Surprisingly, a study by the National Express in UK seemed to affirm this observation. Two-thirds of those 500 surveyed said that while on loo seat, they thought of crazy (they call it out-of-the-box) ideas like having a product launch for a harness by letting 500 people jump off the top of Petronas, using the newspaper as tissue alternative in the name of saving Mother Earth or thinking of some connections of 100 and one cutting-edge ideas such as – yeah, this article.

Though the purpose of the study seemed to be a bit suspicious, as the result was used at the launch of luxury loo in National Express coaches, the point, however, is still worthwhile – at least for someone who is most productive while ditching her **** – like me.

Lessons from Plants vs Zombies

It’s my free time and it’s Plants vs. Zombies (PnV) time!

Waiting for the laundry? Play PnV! Could not sleep at night? Tire yourself in PnV! Waiting for the food to be served? Feed zombies with veggies in PnV!

This seems to be the daily order at home as most of us (7 – 6 adults and one child - out of 11 housemates) are hooked by the game. Whether it’s on iPad, iPhone or PC, you will see seven of us fixed to our devices busy defending our virtual homes from the mob of brain-hungry zombies. Our dearest allies? The zombie-zapping plants!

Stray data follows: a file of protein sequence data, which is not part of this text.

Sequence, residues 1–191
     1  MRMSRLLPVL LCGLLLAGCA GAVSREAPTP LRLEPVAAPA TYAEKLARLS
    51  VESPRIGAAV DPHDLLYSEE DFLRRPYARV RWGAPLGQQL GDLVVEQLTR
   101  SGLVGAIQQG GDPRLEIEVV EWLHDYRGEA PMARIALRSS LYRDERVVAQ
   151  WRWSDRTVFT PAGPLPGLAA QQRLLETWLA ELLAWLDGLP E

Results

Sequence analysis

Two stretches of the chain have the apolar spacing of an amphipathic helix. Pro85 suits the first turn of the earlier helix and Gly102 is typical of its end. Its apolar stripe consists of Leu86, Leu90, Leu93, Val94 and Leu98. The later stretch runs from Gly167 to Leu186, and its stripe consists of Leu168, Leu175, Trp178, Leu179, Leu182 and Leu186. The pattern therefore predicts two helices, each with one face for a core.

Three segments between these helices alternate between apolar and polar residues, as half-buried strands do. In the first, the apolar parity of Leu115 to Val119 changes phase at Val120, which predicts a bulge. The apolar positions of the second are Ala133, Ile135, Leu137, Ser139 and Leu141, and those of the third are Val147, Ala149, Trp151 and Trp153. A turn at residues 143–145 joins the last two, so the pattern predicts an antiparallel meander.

Our home is considered a community of Plants vs. Zombies enthusiasts who find the game a good way to de-stress and yeah, bond together. Over breakfast or dinner, we share tips and tricks on what plants to use on particular zombies. Oddly enough, the zombie talk would spice up our appetite! Watching a fellow gamer on a defensive stance invites another gamer to help, lest the zombies eat his or her brains (PnV term of losing the game).

But more than the game’s entertainment value, I see PnV parallel to an education platform that instils us the principles of strategy, creativity and perseverance. It’s not a mere means to kill time but more than a dollar worth of lessons in career and life.

Below are some eureka thoughts on Plants vs. Zombies one Saturday afternoon after I failed to defend my virtual home four times:

  1. Know your enemies
    From Sun Tzu to Pop Cap, this passage holds true. It is when we know our enemies that we know best how to win the game.

  2. Know your enemies’ weaknesses
    Similar with the above, it is when we know our enemies’ weaknesses that we can position ourselves better. It is when we know their pain points that we set the right weapon and win over them.

  3. Think before you act
    Fascinating, this passage is not only applicable to our dealings with our family and loved ones. It also applies to our careers, business decisions and games of strategy such as PnV.